Lene Antonsen. 2012. Improving feedback on L2 misspellings-an FST approach. In Proceedings of the SLTC 2012 workshop on NLP for CALL; Lund; 25th October; 2012, number 080, pages 1–10. Linköping University Electronic Press.


Steven Bird. 2006. NLTK: the natural language toolkit. InProceedings of the COLING/ACL on Interactive presentation sessions, pages 69–72. Association for Computational Linguistics.


Stefan Bordag. 2008. A comparison of co-occurrence and similarity measures as simulations of context. In International Conference on Intelligent Text Processing and Computational Linguistics, pages 52–63. Springer.


Lars Borin, Markus Forsberg, and Johan Roxendal. 2012. Korp - the corpus infrastructure of Språkbanken.  In LREC, pages 474–478.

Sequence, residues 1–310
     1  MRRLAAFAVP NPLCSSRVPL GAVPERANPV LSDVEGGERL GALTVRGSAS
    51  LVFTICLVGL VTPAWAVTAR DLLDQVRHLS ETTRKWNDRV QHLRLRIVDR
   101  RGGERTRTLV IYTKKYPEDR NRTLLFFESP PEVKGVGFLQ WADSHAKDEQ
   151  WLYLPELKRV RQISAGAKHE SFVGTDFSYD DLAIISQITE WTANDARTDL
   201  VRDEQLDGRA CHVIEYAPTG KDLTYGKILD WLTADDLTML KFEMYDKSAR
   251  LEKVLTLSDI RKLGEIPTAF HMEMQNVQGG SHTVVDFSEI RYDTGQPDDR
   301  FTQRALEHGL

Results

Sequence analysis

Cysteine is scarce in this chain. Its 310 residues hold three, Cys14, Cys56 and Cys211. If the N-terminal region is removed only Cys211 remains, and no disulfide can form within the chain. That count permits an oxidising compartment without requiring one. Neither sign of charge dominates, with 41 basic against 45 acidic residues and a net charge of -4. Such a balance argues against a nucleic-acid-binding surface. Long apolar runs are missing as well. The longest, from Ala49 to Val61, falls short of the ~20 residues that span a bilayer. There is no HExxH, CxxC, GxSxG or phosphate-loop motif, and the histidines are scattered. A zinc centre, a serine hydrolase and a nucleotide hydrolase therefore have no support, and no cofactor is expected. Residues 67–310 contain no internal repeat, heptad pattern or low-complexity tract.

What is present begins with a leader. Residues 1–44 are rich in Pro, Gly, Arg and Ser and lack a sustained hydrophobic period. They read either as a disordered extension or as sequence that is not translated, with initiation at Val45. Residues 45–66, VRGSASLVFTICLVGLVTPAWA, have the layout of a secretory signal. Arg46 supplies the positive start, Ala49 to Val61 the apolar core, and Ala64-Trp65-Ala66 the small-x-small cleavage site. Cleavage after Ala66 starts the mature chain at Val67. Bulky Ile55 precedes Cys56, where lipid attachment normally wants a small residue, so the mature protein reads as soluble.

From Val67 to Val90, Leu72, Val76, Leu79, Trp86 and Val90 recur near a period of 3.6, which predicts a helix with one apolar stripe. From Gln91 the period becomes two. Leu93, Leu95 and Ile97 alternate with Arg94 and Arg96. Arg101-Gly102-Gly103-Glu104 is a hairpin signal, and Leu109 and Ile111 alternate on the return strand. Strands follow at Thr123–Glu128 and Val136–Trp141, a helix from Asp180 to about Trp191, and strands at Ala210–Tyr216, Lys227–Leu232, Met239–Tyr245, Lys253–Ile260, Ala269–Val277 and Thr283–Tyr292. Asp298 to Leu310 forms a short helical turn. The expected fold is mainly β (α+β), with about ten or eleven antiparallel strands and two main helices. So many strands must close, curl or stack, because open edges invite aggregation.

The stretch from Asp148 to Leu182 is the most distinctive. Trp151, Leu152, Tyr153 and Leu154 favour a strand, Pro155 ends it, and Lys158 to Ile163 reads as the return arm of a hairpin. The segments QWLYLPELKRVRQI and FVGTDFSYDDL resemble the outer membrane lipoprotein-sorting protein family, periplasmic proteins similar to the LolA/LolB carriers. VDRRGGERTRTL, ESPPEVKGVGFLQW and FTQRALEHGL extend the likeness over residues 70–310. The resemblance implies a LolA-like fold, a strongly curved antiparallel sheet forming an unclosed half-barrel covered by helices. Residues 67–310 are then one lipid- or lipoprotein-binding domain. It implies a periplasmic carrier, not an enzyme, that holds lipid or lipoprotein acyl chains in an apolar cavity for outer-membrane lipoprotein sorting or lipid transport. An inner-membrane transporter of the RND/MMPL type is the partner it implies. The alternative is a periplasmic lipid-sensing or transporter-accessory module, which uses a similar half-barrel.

Lars Borin, Markus Forsberg, and Lennart Lönngren. 2013. SALDO: a touch of yin to WordNet’s yang. Language Resources and Evaluation, 47(4):1191–1211.


A. Capel. 2010. A1–B2 vocabulary: insights and issues arising from the English ProfileWordlists project. English Profile Journal, 1(1):1–11.


A. Capel. 2012. Completing the English Vocabulary Profile: C1 and C2 vocabulary. English Profile Journal, 3:1–14.


Council of Europe. 2001. Common European Framework of Reference for Languages: Learning, Teaching, Assessment. Press Syndicate of the University of Cambridge.


Averil Coxhead. 2000. A new academic word list. TESOL quarterly, 34(2):213–238.


M. Dickinson and M. Ragheb. 2013. Annotation for Learner English Guidelines, v. 0.1. Technical report. Indiana University, Bloomington.